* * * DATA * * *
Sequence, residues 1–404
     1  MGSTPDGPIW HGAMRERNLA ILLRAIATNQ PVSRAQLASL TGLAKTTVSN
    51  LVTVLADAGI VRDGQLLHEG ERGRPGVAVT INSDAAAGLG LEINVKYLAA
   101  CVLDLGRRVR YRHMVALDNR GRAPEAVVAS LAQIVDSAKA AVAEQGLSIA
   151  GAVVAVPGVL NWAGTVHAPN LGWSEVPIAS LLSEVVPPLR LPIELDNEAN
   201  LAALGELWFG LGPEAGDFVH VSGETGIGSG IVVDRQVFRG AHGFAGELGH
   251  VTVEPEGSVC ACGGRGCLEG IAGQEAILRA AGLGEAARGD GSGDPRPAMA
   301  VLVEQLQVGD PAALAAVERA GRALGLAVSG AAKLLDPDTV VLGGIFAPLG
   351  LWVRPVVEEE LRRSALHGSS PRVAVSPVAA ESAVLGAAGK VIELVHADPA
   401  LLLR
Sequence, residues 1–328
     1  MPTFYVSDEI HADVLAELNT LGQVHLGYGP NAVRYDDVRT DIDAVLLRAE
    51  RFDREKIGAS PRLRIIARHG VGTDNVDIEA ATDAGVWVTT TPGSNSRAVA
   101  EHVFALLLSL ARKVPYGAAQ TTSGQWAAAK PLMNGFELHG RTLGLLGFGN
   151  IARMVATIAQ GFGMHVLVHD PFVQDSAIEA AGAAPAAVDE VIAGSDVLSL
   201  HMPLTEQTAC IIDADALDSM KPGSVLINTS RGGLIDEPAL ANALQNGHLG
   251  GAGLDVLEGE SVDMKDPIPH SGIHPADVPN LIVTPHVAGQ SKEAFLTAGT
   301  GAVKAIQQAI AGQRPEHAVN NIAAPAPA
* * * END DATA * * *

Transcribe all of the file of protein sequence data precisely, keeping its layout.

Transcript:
Sequence, residues 1–404
     1  MGSTPDGPIW HGAMRERNLA ILLRAIATNQ PVSRAQLASL TGLAKTTVSN
    51  LVTVLADAGI VRDGQLLHEG ERGRPGVAVT INSDAAAGLG LEINVKYLAA
   101  CVLDLGRRVR YRHMVALDNR GRAPEAVVAS LAQIVDSAKA AVAEQGLSIA
   151  GAVVAVPGVL NWAGTVHAPN LGWSEVPIAS LLSEVVPPLR LPIELDNEAN
   201  LAALGELWFG LGPEAGDFVH VSGETGIGSG IVVDRQVFRG AHGFAGELGH
   251  VTVEPEGSVC ACGGRGCLEG IAGQEAILRA AGLGEAARGD GSGDPRPAMA
   301  VLVEQLQVGD PAALAAVERA GRALGLAVSG AAKLLDPDTV VLGGIFAPLG
   351  LWVRPVVEEE LRRSALHGSS PRVAVSPVAA ESAVLGAAGK VIELVHADPA
   401  LLLR
Sequence, residues 1–328
     1  MPTFYVSDEI HADVLAELNT LGQVHLGYGP NAVRYDDVRT DIDAVLLRAE
    51  RFDREKIGAS PRLRIIARHG VGTDNVDIEA ATDAGVWVTT TPGSNSRAVA
   101  EHVFALLLSL ARKVPYGAAQ TTSGQWAAAK PLMNGFELHG RTLGLLGFGN
   151  IARMVATIAQ GFGMHVLVHD PFVQDSAIEA AGAAPAAVDE VIAGSDVLSL
   201  HMPLTEQTAC IIDADALDSM KPGSVLINTS RGGLIDEPAL ANALQNGHLG
   251  GAGLDVLEGE SVDMKDPIPH SGIHPADVPN LIVTPHVAGQ SKEAFLTAGT
   301  GAVKAIQQAI AGQRPEHAVN NIAAPAPA